In her guest editorial for The Bulletin, Nerys Poole introduces us to a number of reports on the “effect of residential growth on a community’s bottom line.” As interesting as these reports are and as valid as they may be for the communities referenced, they bear no resemblance to Bowen Island with respect to classification, size, climate, municipal budget or geographic location.
Nerys goes on to imply that this council is promoting a “more is more” message by encouraging the “continual expansion of residential development” and ignoring the Official Community Plan. She hopes this council “will consider the fiscal realities before approving more single family residential development.”
Perhaps if Nerys had spent as much time studying Bowen Island and this council’s actions as she has studying other communities, she would have discovered the following:
- The last solely single-family residential development approved on Bowen Island was at Cape Roger Curtis (CRC) during Nerys’ term on council.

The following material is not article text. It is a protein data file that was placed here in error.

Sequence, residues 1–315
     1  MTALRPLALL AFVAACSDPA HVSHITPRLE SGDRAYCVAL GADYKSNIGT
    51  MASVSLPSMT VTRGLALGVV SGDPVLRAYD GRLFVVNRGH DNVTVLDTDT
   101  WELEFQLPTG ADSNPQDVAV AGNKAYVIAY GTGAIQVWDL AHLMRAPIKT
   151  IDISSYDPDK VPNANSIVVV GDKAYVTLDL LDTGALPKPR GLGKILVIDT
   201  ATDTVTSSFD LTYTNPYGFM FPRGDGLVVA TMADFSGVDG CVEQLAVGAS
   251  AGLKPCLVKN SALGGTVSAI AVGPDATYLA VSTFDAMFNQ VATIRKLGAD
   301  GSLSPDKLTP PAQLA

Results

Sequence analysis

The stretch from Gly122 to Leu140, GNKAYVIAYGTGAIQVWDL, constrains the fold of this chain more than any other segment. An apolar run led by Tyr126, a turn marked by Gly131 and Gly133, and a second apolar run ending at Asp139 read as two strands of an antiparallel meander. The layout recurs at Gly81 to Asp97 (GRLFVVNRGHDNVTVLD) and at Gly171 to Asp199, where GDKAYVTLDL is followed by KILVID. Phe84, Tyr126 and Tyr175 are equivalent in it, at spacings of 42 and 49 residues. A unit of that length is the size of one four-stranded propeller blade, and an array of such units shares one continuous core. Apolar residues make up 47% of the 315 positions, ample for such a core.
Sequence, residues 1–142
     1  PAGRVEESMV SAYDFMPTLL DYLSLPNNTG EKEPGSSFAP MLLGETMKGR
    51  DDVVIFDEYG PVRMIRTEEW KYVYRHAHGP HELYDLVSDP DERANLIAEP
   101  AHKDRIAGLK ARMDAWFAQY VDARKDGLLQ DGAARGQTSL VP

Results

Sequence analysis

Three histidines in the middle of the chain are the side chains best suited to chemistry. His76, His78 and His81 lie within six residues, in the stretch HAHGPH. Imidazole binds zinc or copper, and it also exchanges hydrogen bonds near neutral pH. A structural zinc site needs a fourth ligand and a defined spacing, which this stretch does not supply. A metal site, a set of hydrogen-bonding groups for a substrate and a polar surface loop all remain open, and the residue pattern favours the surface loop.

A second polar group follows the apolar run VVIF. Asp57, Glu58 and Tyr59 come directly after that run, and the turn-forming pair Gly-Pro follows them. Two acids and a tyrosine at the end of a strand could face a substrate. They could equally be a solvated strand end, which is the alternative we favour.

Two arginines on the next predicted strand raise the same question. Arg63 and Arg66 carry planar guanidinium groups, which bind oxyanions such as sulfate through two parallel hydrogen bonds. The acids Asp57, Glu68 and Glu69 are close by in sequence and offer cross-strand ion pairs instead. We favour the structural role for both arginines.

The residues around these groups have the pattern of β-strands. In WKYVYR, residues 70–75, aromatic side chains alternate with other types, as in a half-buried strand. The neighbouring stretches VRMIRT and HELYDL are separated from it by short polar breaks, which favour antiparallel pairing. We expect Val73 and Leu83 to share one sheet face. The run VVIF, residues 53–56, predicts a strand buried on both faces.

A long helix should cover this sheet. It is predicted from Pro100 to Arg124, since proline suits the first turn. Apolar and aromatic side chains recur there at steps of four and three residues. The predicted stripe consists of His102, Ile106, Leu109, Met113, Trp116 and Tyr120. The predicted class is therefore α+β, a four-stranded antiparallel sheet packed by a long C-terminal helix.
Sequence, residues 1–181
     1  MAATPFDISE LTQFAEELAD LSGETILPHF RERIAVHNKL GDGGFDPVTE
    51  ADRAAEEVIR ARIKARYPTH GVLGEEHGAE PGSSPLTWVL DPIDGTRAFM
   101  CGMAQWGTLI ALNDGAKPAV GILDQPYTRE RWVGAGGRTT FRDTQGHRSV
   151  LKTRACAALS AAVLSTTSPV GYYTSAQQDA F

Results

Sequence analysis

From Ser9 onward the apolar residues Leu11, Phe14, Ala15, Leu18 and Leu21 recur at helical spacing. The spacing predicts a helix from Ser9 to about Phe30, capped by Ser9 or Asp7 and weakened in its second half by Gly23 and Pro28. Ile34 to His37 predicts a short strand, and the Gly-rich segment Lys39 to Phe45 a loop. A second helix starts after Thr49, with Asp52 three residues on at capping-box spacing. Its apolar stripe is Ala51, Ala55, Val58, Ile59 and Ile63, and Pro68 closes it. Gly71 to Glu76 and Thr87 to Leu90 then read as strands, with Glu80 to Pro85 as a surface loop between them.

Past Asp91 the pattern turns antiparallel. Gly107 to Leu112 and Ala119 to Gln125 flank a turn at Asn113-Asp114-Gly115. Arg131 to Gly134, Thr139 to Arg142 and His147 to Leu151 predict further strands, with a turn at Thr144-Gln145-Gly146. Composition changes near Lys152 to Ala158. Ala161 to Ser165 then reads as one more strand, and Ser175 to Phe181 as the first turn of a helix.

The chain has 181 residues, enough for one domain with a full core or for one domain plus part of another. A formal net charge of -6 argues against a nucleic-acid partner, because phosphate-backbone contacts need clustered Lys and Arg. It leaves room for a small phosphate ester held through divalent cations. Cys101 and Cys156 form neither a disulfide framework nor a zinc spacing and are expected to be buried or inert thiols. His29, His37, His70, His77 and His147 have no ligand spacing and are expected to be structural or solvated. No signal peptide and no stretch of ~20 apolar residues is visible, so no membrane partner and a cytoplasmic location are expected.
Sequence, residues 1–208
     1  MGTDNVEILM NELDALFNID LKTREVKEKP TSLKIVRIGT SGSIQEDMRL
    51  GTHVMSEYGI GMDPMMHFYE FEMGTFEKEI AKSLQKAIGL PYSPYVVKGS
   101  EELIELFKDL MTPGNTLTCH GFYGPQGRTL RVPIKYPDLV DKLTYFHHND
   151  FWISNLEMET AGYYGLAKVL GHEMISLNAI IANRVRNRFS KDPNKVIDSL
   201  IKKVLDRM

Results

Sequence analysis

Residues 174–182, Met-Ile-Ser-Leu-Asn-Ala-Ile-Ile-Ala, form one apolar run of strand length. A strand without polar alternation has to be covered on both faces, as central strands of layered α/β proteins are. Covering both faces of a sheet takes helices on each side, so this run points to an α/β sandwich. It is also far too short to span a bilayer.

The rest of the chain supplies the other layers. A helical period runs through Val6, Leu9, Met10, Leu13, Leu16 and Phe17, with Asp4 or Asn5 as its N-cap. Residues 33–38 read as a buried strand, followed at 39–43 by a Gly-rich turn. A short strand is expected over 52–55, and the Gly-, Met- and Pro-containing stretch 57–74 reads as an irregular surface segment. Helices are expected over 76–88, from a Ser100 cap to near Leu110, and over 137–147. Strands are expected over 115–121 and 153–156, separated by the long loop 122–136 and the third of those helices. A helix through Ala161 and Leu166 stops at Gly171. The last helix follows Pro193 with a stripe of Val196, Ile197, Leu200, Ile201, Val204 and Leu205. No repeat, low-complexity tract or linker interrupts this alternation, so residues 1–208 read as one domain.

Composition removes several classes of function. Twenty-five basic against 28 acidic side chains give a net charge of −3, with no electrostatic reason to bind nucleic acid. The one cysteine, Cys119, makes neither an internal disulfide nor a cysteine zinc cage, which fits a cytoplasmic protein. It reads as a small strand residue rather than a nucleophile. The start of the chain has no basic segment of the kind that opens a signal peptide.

- To date this council has approved only one residential development, Belterra, a cohousing development that will provide diversity of housing on Bowen as well as several affordable non-market units.
- The only residential development currently being considered by this council is the Arbutus Ridge development, which originally came forward to staff as a proposal for about eight 10-acre single-family residential lots (like the one approved for CRC but on a smaller scale). Staff suggested the proponent come back to the table with a proposal more in keeping with the OCP if he wished to interest this council in a re-zoning. Arbutus Ridge is now proposed as 39 single-family lots combined with a live-work component providing affordable housing for adults with disabilities and for seniors.
During Nerys’ term, council neglected to move forward with either Bowen Island Properties’ proposal for multi-family live-work affordable housing on Parkview Slopes (adjacent to Snug Cove) or the re-zoning of Lot 3 of the Community Lands for mixed-use and multi-family residences, even though the latter re-zoning was fully consistent with the approach she now espouses.
It is encouraging to see Nerys move away from the ten-acre single-family mindset. As this council moves to re-zone the community lands to provide higher density and mixed uses in and around Snug Cove, I look forward to her support; not only because this will enhance sustainability on Bowen Island and is consistent with the OCP, but because less is not more when it means a shrinking population and declining opportunities to live and work on Bowen Island.